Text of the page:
CHINA – State-owned food processing holding company, COFCO has unveiled plans of privatizing its Hong Kong listed unit, China Agri-Industries Holdings as it looks to pursue a flexible development strategy.

COFCO has tabled a HK$8.9 billion (US$1.1 billion) bid to take the company private by offering to buy an additional 34% stake in the company. COFCO already controls 60.75 per cent stake in China Agri.

COFCO, China’s largest food processor tasked by the government to enhance the nation’s food security, said that the takeover bid will enhance the comprehensive consolidation and integration of China Agri’s operations.

In addition, China Agri said in a filing to Hong Kong stock exchange that the deal will offer more flexibility and higher efficiency in supporting the long-term business development of both companies.

The privatisation of China Agri, a major processor and trader of oilseeds, rice, wheat and malt, comes as the US-China trade war and global economic slowdown has depressed its shares’ value.

“The slowdown of global economic growth, trade tensions and heightening of geopolitical risks have resulted in the underperformance of the company,” China Agri said in the statement.

“The ability of the company to raise funds from the capital markets has come under a certain degree of restriction.”

China Agri posted a 40.2 per cent year on year decline in net profit to HK$448.8 million (US$57 million) in the first half of the current financial year’s, even as revenue grew 27 per cent.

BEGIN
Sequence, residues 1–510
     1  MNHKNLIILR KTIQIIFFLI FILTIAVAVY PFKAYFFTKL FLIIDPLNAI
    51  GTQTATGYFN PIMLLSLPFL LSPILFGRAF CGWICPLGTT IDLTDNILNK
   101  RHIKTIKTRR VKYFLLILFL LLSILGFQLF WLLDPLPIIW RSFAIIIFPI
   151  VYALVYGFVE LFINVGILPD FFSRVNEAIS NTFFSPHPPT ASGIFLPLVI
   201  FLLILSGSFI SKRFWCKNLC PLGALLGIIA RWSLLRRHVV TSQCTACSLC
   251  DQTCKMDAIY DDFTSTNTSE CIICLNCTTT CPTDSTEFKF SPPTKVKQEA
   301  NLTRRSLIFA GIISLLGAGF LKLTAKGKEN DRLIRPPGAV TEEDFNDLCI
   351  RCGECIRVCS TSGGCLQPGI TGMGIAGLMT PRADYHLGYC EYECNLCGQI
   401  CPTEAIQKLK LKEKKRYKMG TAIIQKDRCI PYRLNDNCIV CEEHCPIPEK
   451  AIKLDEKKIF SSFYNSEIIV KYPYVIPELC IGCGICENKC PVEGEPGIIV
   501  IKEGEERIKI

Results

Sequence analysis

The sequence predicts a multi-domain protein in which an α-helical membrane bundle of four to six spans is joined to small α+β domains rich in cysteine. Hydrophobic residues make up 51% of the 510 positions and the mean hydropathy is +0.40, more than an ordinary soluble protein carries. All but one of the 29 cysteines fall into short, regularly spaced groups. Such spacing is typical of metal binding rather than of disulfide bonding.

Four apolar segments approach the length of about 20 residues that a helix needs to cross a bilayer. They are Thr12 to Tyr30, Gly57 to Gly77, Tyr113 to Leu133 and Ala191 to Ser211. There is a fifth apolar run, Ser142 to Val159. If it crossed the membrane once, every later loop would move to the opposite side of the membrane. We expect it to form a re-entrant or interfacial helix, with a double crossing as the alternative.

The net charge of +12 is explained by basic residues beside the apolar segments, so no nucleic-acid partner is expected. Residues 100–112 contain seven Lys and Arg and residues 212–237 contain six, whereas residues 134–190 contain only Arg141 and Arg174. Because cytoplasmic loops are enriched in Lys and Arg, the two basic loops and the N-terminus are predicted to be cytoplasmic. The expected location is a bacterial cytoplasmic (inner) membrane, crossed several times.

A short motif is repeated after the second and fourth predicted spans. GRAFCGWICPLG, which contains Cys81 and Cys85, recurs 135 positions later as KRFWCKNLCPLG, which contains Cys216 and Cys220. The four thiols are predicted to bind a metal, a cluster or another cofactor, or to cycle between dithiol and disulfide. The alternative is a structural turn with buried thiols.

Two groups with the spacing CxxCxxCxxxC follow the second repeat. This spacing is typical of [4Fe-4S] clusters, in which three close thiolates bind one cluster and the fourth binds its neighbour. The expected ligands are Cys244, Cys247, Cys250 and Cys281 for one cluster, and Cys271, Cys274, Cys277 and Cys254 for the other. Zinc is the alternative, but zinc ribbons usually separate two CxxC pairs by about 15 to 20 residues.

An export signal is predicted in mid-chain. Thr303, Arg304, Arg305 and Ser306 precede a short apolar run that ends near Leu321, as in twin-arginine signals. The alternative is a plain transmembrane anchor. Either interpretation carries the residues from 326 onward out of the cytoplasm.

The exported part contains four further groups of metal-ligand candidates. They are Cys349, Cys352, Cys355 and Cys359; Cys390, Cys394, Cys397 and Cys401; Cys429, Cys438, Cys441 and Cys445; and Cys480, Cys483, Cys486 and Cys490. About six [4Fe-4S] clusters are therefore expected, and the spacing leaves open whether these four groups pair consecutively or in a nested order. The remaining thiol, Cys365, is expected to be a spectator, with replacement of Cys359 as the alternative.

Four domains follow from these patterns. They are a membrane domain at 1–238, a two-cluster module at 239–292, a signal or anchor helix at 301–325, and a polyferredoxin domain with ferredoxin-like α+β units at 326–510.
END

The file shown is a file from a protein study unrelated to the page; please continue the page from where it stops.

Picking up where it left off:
The fall was largely due to a profit margin squeeze in its mainstay oilseeds processing business on the back of poor demand for soybean meal used by the animal feed industry as a severe Africa swine fever epidemic rages on in China.

Last year, COFCO generated about 55% of its revenues from global commodities supply chain management, while 28% was from the sale of agriculture products.

China, the world’s biggest soybean importer, has cut off purchases from the US last year by slapping tariffs of 25 per cent tariff, sending prices tumbling.

According to a South China report, purchases of soybeans are likely to form a key part of the US-China trade deal being negotiated.

COFCO also owns stakes in five Hong Kong-listed and one Shenzhen-listed firms, spanning agricultural products trading and processing, manufacturing and packaging of branded consumer food, logistics and storage.